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Fractint is a freeware computer program that can render and display many kinds of fractals. The program originated on the MS-DOS platform, but has since been ported to Linux. Additionally Tim Gilman has ported Fractint to the Macintosh. During the early 1990s the program was the definitive fractal generating program for personal computers.[1]

The Mandelbrot set rendered in Fractint
The Mandelbrot set rendered in Fractint
Developer(s)Stone Soup Group
Initial releaseSeptember 1988; 31 years ago (1988-09)
Stable release
20.04p14 / August 22, 2015; 4 years ago (2015-08-22)
Operating systemDOS, Linux
Available inEnglish
TypeFractal generating software


Its name comes from the words fractal and integer, since the first versions of it computed fractals by using only integer arithmetic (also known as fixed-point arithmetic), which led to much faster rendering on x86 computers without math coprocessors. Since then, floating-point arithmetic and "arbitrary-precision" modes have been added, the latter of which emulates an arbitrarily large mantissa in RAM. The arbitrary-precision mode is slow even on modern computers.


FractInt can draw most kinds of fractals that have appeared in the literature. It also has a few "fractal types" that are not strictly speaking fractals, but may be more accurately described as display hacks. These include cellular automata.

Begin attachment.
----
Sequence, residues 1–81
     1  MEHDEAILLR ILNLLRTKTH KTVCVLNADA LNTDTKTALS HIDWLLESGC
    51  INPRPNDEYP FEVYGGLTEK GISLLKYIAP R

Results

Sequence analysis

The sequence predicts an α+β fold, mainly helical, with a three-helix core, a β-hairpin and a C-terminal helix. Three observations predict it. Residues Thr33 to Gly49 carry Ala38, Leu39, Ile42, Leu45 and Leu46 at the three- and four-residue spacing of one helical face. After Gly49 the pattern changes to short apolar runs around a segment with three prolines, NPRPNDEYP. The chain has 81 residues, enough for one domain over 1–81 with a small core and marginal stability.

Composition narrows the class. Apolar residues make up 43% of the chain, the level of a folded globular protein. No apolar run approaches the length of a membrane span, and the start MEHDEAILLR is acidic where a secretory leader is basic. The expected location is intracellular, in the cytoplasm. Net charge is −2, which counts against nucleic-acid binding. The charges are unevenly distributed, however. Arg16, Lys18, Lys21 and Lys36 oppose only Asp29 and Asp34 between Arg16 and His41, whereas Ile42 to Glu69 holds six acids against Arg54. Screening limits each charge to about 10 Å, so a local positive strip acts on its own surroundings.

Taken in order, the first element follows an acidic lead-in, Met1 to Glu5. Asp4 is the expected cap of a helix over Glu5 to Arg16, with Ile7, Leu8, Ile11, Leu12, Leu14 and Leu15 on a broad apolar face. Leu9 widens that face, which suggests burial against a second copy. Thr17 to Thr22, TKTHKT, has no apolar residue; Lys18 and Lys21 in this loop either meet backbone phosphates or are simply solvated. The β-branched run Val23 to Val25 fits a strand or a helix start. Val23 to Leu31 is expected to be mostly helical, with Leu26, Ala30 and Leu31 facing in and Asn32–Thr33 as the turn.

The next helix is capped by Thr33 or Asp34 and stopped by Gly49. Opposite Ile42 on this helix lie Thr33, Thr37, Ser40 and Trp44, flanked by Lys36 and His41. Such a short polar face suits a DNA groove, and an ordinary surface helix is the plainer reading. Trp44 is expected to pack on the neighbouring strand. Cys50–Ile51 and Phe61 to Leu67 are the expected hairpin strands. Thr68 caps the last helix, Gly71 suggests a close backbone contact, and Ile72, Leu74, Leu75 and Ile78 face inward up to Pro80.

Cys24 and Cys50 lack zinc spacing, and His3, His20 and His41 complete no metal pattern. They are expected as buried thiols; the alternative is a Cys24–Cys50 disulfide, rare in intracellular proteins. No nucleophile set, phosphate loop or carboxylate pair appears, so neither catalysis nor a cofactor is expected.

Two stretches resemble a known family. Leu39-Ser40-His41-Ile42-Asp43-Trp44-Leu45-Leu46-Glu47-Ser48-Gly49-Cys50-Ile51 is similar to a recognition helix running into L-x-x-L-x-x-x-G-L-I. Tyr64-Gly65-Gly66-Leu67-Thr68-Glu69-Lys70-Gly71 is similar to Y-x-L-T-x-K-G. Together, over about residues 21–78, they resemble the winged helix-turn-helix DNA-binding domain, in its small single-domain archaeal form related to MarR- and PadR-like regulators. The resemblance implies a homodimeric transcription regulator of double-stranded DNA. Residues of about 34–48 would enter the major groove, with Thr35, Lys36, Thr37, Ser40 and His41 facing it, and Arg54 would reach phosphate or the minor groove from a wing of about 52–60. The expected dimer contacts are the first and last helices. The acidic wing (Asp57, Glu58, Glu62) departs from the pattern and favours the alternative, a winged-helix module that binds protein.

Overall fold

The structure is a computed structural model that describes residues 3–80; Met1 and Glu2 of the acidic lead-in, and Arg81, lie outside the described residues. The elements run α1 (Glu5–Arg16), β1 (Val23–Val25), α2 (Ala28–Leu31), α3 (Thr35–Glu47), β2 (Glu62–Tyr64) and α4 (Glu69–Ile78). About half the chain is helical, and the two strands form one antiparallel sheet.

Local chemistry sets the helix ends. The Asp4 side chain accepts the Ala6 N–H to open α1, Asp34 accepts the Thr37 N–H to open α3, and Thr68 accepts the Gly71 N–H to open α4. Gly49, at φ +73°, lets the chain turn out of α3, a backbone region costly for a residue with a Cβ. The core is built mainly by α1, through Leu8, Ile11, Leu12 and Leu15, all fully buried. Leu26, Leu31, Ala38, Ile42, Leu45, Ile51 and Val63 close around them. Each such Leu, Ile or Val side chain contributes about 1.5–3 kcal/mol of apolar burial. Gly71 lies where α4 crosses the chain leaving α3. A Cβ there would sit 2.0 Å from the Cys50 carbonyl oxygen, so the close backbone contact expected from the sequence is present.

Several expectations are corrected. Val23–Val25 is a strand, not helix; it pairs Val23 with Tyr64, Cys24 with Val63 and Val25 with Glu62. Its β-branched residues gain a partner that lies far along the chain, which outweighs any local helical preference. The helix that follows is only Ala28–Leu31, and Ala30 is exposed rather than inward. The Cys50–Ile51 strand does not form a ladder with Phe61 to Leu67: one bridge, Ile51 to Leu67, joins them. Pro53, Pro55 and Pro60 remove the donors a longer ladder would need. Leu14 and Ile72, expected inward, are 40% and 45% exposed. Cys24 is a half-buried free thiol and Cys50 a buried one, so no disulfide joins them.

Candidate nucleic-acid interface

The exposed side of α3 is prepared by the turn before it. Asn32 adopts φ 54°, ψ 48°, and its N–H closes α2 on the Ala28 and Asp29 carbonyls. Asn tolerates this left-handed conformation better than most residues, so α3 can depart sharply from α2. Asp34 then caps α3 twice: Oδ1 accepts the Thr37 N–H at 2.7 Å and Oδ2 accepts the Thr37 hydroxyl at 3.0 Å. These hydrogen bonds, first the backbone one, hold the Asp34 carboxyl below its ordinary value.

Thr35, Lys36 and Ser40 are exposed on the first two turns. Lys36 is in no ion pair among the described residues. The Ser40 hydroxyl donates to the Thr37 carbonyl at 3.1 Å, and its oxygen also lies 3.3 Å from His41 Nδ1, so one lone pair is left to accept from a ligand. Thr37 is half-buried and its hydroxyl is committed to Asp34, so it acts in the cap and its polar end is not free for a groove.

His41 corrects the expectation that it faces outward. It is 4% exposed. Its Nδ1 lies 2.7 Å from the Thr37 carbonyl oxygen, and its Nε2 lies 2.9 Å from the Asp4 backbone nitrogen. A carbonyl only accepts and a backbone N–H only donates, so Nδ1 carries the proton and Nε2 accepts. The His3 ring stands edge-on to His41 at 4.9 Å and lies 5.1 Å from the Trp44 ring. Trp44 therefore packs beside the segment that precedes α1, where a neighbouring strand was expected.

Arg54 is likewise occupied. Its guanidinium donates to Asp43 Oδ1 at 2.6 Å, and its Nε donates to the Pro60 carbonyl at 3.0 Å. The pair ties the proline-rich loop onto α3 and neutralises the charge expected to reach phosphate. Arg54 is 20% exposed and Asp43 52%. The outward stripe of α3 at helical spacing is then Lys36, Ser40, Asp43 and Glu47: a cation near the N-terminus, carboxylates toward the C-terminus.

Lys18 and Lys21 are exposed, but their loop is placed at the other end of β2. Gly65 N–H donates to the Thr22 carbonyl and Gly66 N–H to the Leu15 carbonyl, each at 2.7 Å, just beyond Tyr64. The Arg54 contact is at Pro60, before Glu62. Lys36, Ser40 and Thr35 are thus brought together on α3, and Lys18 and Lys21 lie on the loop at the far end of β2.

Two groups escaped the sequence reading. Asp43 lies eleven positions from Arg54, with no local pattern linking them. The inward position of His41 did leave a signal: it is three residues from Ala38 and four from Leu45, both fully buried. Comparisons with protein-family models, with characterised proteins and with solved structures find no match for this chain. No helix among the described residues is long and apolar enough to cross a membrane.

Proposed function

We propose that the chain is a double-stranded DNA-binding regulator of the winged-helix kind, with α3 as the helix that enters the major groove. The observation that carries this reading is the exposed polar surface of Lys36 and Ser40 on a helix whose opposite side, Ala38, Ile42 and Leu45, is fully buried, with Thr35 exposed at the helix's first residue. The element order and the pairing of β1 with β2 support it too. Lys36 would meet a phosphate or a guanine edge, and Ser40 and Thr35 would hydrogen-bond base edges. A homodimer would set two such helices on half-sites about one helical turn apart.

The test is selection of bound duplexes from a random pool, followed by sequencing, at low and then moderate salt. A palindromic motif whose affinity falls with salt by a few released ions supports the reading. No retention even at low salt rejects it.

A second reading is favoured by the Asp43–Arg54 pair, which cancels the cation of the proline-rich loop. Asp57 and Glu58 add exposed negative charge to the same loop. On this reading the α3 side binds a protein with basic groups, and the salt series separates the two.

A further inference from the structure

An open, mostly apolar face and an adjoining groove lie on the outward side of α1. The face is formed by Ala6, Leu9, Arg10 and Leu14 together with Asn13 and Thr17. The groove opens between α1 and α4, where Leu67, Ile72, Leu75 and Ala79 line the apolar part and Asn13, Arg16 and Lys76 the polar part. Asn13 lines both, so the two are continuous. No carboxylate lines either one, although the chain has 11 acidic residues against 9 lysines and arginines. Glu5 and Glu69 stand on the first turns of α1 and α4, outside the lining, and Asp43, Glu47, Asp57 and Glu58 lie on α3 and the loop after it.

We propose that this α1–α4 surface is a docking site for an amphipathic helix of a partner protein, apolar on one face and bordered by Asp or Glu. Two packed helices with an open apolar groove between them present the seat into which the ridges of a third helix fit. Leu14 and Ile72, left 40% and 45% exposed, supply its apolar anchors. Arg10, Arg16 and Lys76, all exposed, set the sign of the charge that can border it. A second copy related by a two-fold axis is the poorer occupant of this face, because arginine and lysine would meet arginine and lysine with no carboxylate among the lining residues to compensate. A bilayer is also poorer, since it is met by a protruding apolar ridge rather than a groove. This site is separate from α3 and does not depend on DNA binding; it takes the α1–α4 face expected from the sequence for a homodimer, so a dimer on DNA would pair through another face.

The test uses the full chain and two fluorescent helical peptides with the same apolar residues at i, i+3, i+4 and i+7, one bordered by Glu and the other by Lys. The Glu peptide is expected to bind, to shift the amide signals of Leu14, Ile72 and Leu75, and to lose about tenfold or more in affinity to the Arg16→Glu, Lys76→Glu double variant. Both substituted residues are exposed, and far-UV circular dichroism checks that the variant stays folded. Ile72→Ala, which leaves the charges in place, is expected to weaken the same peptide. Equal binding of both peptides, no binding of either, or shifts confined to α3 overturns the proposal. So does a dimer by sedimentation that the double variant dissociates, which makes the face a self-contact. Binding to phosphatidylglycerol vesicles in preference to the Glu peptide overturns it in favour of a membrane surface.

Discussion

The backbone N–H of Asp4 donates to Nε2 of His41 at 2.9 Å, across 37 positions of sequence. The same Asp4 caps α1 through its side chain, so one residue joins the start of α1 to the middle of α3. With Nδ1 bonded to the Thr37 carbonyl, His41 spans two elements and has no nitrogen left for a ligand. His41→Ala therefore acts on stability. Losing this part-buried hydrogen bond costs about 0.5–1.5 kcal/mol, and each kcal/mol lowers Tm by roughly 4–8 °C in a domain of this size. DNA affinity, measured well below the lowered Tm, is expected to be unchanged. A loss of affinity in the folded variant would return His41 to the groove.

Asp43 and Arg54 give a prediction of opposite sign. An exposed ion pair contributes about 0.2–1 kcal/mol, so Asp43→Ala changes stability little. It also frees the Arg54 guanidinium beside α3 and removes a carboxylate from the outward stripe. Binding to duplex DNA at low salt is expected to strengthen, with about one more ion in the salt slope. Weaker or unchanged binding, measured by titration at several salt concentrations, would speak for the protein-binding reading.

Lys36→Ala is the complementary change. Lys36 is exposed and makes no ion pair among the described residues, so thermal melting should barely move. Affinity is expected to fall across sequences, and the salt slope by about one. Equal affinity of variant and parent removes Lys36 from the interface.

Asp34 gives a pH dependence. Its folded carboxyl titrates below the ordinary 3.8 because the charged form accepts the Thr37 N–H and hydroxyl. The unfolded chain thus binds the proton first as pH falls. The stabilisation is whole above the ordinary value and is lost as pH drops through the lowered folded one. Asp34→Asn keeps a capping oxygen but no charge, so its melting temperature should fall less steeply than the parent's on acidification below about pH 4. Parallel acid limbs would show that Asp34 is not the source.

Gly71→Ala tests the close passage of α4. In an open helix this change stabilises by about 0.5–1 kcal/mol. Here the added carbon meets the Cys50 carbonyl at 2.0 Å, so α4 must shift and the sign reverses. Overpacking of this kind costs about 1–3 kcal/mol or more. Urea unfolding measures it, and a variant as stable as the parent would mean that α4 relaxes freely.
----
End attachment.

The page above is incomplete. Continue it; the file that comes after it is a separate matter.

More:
A Mandelbrot fractal with FractInt's colour palette editor (version 20.0 in DOSBOX 0.72 on Vista).
One portion of the Mandelbrot set at extreme magnification, showing how the set contains near copies of itself.

FractInt originally appeared in 1988 as FRACT386, a computer program for rendering fractals very quickly on the Intel 80386 processor using integer arithmetic. Most 386 processors of the era did not come with floating point units (387), so the integer approach was much faster.

The early versions of FRACT386 were written by Bert Tyler, who based it on a Mandelbrot generator for a TI-based processor that used integer math and decided to try programming something similar for his 386 machine.[2]

In February 1989, the program was renamed FractInt. In July 1990, it was ported to the Atari ST with the math routines rewritten in M68K assembler by Howard Chu.

It was written and maintained by the "Stone Soup Group" who took their name from the fable of the stone soup. Along with Emacs and NetHack, it is one of the oldest still-maintained free programs.

See alsoEdit


  1. ^ Ray Girvan (24 August 1991). "Review: Fractint brought to book". Newscientist. Reed Business Information. Retrieved 25 March 2013.
  2. ^ Tyler, Bert and Wegner, Timothy, Fractal Creations, 2nd edition, Waite Group Press, 1993, ISBN 1-878739-34-4, p. 461

Further readingEdit

External linksEdit